On top of all these challenges, two other questions remain for Gowdy’s select committee: What is the key goal, and by when?
The House will be out of session all of August and is expected to adjourn by early October so members can campaign for reelection.
That leaves 3½ months for the Gowdy committee to do its work and prepare a report for the House, if it is to have any impact by Election Day. The White House will most likely slow-walk its responses to the South Carolina Republican’s panel, although a subpoena to Clinton — considered likely by many Democrats and Republicans — would get huge media coverage.
Gowdy, a 49-year-old former federal prosecutor now serving in his second term, believes the same thing as many House Republicans: that the Obama White House is covering up the extent of its role in the explanation of the Benghazi attacks.
The Republicans are convinced that the White House, State Department and even the Pentagon are deliberately lying about what happened in the remote Libyan outpost. And they, as well as many hard-line conservative Republicans nationwide, believe that it is the Obama administration’s “Watergate moment,” one serious enough to jeopardize Obama’s hold on the Oval Office, as well as Clinton’s chances of ascending to the presidency should she run.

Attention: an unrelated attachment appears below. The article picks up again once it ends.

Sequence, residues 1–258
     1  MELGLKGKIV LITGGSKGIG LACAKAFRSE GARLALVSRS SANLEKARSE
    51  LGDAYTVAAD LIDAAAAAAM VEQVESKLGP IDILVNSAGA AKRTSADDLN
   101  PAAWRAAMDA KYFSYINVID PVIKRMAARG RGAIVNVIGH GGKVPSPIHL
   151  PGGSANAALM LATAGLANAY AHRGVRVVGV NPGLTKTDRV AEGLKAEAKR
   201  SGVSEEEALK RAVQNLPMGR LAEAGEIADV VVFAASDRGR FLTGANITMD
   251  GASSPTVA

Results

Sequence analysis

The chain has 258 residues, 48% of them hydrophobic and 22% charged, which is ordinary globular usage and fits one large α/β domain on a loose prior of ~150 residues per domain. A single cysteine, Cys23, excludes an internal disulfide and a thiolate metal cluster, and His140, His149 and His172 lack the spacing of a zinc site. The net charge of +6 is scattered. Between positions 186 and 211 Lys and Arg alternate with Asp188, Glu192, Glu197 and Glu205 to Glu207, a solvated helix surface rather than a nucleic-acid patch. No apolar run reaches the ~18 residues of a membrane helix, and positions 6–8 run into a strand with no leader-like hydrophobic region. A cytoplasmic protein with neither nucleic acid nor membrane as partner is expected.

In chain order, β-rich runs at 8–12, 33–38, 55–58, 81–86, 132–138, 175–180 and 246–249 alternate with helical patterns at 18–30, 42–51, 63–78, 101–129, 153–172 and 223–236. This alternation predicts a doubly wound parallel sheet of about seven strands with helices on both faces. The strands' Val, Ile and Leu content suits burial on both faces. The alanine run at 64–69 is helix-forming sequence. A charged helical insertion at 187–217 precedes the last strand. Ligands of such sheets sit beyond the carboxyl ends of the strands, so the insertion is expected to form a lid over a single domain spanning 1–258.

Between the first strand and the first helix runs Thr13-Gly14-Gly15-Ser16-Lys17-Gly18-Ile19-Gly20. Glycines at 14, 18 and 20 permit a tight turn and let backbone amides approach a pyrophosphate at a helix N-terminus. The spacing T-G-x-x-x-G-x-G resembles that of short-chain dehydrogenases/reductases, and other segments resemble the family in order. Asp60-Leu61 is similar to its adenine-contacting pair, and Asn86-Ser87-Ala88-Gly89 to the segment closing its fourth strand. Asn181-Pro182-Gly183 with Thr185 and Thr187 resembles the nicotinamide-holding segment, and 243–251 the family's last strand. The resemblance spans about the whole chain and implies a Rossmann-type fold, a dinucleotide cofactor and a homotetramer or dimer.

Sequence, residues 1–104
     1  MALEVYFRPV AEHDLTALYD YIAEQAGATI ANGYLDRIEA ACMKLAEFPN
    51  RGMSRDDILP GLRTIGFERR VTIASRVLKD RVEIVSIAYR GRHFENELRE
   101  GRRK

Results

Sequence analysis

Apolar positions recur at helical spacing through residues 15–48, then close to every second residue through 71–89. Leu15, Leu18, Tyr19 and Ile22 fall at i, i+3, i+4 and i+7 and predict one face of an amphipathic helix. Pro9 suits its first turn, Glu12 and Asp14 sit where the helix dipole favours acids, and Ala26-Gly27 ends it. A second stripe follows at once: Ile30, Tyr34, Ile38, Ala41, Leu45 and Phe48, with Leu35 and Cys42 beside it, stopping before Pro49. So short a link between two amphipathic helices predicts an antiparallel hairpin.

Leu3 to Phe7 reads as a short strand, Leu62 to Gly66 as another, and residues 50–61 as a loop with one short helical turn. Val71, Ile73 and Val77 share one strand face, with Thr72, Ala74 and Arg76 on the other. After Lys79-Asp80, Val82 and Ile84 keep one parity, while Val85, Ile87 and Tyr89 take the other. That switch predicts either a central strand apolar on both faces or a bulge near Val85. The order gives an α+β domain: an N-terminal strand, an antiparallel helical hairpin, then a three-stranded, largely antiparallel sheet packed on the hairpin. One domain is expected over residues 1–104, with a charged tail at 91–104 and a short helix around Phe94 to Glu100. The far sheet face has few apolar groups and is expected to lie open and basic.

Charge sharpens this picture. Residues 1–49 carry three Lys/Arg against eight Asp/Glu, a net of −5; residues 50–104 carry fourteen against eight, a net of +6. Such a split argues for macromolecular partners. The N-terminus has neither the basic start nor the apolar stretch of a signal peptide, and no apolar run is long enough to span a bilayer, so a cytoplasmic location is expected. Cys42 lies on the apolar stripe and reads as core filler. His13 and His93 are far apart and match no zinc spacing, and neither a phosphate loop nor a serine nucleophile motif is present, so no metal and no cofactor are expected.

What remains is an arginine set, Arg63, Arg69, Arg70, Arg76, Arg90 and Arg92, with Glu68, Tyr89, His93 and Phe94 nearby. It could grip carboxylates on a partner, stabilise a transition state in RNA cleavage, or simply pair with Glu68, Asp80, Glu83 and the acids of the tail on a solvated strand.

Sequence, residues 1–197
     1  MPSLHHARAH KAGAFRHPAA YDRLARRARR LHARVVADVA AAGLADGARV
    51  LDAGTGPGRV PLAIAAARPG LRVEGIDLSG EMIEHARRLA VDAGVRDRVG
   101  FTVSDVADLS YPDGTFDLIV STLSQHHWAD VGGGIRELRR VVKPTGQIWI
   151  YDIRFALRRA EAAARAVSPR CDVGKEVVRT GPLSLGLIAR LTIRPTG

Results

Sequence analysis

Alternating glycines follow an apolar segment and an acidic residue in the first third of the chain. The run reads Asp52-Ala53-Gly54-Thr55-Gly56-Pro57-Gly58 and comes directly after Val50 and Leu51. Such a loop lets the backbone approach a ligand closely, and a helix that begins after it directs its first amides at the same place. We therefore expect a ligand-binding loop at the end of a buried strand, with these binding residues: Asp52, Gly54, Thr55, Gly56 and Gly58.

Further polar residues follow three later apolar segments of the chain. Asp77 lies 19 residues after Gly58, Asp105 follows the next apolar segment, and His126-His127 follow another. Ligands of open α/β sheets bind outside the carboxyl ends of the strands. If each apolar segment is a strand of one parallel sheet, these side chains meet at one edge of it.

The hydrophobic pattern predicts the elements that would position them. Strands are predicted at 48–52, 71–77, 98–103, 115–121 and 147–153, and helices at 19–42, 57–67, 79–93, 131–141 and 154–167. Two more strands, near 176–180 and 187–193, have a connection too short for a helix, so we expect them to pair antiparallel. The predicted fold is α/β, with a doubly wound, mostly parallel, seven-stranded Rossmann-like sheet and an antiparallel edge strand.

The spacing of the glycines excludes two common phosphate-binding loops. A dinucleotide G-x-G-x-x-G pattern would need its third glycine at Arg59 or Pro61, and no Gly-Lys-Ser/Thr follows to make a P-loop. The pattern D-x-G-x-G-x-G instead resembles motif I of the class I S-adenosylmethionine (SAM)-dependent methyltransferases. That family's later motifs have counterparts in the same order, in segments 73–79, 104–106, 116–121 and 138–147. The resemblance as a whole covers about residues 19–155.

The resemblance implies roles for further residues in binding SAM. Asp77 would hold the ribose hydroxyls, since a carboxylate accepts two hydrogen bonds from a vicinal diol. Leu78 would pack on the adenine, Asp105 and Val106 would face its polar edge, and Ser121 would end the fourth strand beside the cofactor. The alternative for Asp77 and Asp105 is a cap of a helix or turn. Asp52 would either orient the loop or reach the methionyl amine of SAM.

“Well, I have evidence that not only are they hiding [Benghazi information], there is an intent to hide it,” Gowdy said of the Obama White House during a Friday interview on Fox News. “I can’t disclose that evidence yet, but I have evidence that there was a systematic, intentional decision to withhold certain documents from Congress.”
Issa has issued eight subpoenas on Benghazi. Although more than 25,000 pages of documents have been turned over to congressional investigators, the State Department demands its documents be returned at the end of every workday, a cumbersome process that means hauling thousands of pages of documents back and forth every day between Capitol Hill and Foggy Bottom.
“This administration’s focus since that event has been on pursuing those who did harm to Americans, who killed Americans, and bringing them to justice, and taking action to ensure that the failures in security that helped cause this or lead to this event were addressed and changed,” White House spokesman Jay Carney said on Friday after word of the Gowdy select committee leaked.
White House officials privately dismiss as not revelatory the latest round of internal Benghazi emails turned over to the conservative group Judicial Watch in response to a Freedom of Information Act request. Boehner, Gowdy, Issa and other House Republicans have complained that the failure by the White House to turn over those emails to Congress was the last straw and persuaded Boehner to create a select committee on Benghazi, something that he had refused to do since Rep. Frank Wolf (R-Va.) first floated the idea in December 2012.